Figure 1: Flowchart of patient enrollment.
2.2. Definition of Cardiovascular Risk Factors

Hypertension was defined as elevated blood pressure, including systolic blood pressure (SBP) > than 140 mmHg or diastolic blood pressure (DBP) > than 90 mmHg. Patients with a reported history of hypertension and who had used any antihypertensive medications were also considered hypertensive [16]. Dyslipidemia was defined using current guidelines [17]: low-density lipoprotein cholesterol (LDL-C) > 3.1 mmol/L, triglyceride (TG) > 2.3, mmol/L, high-density lipoprotein cholesterol (HDL-C) < 1.0, mmol/L, and total cholesterol (TC) > 5.2 mmol/L. A lipoprotein (a) (Lp(a)) > 300 mg/L has also been listed as a risk factor for cardiovascular diseases [18, 19]. Body mass index (BMI) was determined by ratio of body weight (kg) to height (m2). A BMI > 28 kg/m2 was considered obesity, and BMI between 24 – 28 kg/m2 was considered overweight [20]. Diabetes mellitus (DM) was diagnosed when glucose > 126 mg/dL or glycated hemoglobin (HbA1c) was > 6.5%, in the presence of active treatment with insulin or oral antidiabetic agents, in accordance with the American Diabetes Association criteria [21].

2.3. Blood Tests

Blood samples were collected from patients in the fasting state. Serum samples were separated by centrifugation, stored at 4°C, and then analyzed (Dimension AR/AVL Clinical Chemistry System, Newark, NJ, USA). Lipid profile, coagulation function, and other routine blood biochemical parameters were obtained.

2.4. Coronary Angiography and OCT Analyses

Coronary angiography was performed for each patient by an experienced cardiologist using a standard procedure. Culprit vessels, defined as the vessels with the most severe lesions, for each patient were analyzed using OCT (C7-XR TM OCT Intravascular Imaging System, St. Jude Medical, St. Paul, MN, USA). OCT images were digitized and analyzed by scanning the culprit vessel using an automatic retraction device (Figure 2). Image-pro Plus analysis software was used to analyze the lesion plaques, including plaque type, fiber cap thickness, macrophage rating, plaque rupture, acute coronary syndrome with intact fibrous cap (ACS-IFC), thrombosis, trophoblast vessels, and calcified nodules (described in detail in Figure 3) [2224]. All OCT images were analyzed by two independent investigators (J.L and S.C.F) who are hospital senior professional and technical personnel and were blinded to the clinical angiographic and laboratory data. Inconsistencies were solved by consensus with a third investigator.

Figure 2: Representative images of lesion plaques analyzed by optical coherence tomography.
Figure 3: Representative optical coherence tomography (OCT) images of coronary atherosclerotic plaques with different characteristics. (a) Fibrotic plaque is characterized by a homogeneous OCT signal and high backscattering. (b) A fibroatheroma was characterized by an atherosclerotic plaque with an OCT-delineated necrotic core (formed by a signal-poor region with poorly delineated borders and little or no OCT backscattering), covered by a fibrous cap (signal-rich layer). (c) A calcific fibroatheroma was characterized by a plaque containing calcium deposits (signal-poor regions with sharply delineated borders). (d) A thin-cap fibroatheroma was characterized by a plaque with lipid content in ≥ 2 quadrants and with a fibrous cap < 65 μm. (e) Macrophage accumulation was reflected by a signal-rich punctate region in the background of an atherosclerotic plaque. Macrophages could be quantitatively classified as follows: grade 0, no macrophage; grade 1, localized macrophage accumulation; grade 2, clustered accumulation < 1 quadrant; grade 3, clustered accumulation ≥ 1 quadrant but < 3 quadrants; and grade 4, clustered accumulation ≥ 3 quadrants. (f) Plaque rupture was characterized by discontinuity of the fibrous cap with a cavity formed inside the plaque. (g) Intracoronary thrombus was characterized by a mass (diameter > 250 mm) that could be attached to the luminal surface or floating within the lumen. A red thrombus that was rich in red blood cells could be identified by high backscattering and high attenuation, while a white thrombus that was rich in platelets could be identified by homogeneous backscattering with low attenuation. (h) The vasa vasorum was characterized by voids with poor signals that were sharply delineated in multiple contiguous frames. (i) Calcified nodules were characterized by a small nodular calcification protruding from the lumen at the base of the fibrous calcified plaques with thrombus formation. (j) Acute Coronary Syndrome with Intact Fibrous Cap (ACS-IFC) was characterized by the following three conditions: (1) presence of the attached thrombus overlying an intact and visualized plaque; (2) irregularity of the luminal surface at the culprit lesion in the absence of thrombus; or (3) attenuation of the underlying plaque by thrombus that was not near a superficial lipid or calcification.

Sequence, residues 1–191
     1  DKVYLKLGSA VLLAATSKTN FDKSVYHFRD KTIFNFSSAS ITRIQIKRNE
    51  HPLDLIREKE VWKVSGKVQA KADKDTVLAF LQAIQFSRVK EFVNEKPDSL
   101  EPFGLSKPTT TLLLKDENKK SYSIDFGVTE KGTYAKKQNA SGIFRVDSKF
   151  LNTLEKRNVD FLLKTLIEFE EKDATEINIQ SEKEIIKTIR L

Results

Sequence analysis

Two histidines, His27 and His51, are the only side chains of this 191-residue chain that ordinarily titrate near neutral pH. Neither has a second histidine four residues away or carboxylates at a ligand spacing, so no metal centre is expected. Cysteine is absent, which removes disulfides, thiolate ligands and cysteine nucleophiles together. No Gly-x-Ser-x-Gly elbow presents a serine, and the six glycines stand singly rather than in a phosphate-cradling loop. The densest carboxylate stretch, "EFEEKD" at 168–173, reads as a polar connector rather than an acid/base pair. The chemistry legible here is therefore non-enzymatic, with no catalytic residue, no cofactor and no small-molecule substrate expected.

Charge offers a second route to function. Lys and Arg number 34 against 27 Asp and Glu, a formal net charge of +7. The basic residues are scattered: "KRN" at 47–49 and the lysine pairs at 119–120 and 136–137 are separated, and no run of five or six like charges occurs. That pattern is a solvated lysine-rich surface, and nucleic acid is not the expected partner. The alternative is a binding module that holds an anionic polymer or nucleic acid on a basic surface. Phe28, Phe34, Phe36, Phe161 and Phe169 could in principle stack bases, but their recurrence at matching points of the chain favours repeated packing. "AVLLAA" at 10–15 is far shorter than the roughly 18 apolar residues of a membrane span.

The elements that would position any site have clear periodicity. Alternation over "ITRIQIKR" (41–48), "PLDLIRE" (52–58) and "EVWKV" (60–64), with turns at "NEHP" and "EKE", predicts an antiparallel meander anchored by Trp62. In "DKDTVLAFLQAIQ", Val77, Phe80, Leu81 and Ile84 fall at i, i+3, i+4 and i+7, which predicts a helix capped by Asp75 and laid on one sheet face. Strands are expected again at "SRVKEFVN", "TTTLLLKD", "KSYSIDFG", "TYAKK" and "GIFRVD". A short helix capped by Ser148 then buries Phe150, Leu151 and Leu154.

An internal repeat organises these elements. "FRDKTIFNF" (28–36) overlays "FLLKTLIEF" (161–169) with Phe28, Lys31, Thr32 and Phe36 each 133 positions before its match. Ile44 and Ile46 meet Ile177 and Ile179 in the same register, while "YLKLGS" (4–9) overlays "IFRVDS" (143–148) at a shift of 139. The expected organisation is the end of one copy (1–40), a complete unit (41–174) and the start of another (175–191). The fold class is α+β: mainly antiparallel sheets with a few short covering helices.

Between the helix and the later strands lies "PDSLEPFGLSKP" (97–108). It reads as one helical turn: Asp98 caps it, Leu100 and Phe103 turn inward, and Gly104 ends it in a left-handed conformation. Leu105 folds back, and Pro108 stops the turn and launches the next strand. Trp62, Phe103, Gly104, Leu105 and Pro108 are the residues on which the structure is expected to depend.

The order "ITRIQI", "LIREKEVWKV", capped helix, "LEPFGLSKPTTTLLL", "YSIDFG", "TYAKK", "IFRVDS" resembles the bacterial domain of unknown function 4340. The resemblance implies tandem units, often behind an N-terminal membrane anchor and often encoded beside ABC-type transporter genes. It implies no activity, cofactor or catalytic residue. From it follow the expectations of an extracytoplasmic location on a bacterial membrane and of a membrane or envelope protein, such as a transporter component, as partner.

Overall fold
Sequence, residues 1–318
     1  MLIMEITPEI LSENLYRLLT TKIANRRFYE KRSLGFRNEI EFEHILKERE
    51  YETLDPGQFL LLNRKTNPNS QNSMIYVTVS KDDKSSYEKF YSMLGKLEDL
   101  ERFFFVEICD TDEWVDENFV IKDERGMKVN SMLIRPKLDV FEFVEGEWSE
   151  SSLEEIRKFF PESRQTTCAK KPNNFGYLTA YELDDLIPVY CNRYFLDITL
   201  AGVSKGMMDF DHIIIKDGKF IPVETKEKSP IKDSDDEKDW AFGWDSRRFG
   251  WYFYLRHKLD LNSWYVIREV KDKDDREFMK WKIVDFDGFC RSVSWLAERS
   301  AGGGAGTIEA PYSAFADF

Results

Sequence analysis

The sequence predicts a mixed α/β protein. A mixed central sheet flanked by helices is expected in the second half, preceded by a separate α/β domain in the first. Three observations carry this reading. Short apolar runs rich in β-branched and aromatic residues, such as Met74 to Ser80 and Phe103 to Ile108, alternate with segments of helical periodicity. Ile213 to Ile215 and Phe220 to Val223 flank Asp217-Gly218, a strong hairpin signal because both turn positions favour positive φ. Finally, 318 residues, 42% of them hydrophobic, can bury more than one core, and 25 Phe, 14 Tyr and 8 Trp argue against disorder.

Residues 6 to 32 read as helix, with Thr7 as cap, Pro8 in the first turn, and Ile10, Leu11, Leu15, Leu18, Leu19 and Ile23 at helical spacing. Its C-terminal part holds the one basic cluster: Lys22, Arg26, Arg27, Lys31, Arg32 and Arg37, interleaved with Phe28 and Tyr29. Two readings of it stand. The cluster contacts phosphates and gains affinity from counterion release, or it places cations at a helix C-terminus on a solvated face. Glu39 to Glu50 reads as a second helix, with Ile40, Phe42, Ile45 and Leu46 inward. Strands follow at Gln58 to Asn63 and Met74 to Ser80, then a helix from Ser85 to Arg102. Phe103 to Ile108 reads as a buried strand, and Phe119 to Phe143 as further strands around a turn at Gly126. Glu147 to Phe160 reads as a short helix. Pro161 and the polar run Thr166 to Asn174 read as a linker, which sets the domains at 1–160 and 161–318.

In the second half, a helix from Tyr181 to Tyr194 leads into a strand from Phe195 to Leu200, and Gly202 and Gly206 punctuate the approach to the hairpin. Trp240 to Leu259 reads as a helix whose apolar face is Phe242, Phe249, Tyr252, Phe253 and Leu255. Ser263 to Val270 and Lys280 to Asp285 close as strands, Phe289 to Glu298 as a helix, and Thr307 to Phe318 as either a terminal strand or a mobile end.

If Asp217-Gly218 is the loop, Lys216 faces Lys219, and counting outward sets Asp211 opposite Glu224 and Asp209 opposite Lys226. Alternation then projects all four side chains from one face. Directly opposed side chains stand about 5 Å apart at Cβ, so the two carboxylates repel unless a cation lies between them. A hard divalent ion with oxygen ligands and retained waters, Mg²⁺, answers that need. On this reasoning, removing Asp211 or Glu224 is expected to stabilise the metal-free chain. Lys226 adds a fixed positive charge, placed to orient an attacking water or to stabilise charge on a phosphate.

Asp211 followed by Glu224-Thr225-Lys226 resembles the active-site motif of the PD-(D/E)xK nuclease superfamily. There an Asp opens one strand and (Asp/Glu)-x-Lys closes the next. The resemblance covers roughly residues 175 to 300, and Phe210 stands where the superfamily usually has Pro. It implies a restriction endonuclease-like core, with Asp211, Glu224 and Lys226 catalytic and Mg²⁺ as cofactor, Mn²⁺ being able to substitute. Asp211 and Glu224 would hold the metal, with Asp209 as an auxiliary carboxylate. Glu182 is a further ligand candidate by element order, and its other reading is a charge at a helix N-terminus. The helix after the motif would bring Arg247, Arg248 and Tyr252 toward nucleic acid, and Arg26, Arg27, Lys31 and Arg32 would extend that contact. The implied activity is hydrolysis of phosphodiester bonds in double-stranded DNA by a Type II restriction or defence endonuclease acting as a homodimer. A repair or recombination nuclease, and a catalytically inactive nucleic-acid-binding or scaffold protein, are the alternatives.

2.5. Statistical Analysis

Continuous data are presented as mean ± standard deviation (SD) or median (interquartile range), and categorical data are presented as numbers and percentages. Between-group differences were tested using an independent sample t-test or the Mann-Whitney U test. Categorical data are presented as counts (proportions) and were compared using the test or Fisher’s exact test. Multiple logistic regression analyses were performed to assess the independent predictors of plaque rupture (Model 1) and TCFA (Model 2). The parameters that showed statistical significance in univariate analysis were included in the multivariate logistic regression analyses. A two-sided P value < 0.05 was considered statistically significant. All statistical analyses were performed using SPSS Software.

3. Results

3.1. Coronary Risk Factors and Biochemical Parameters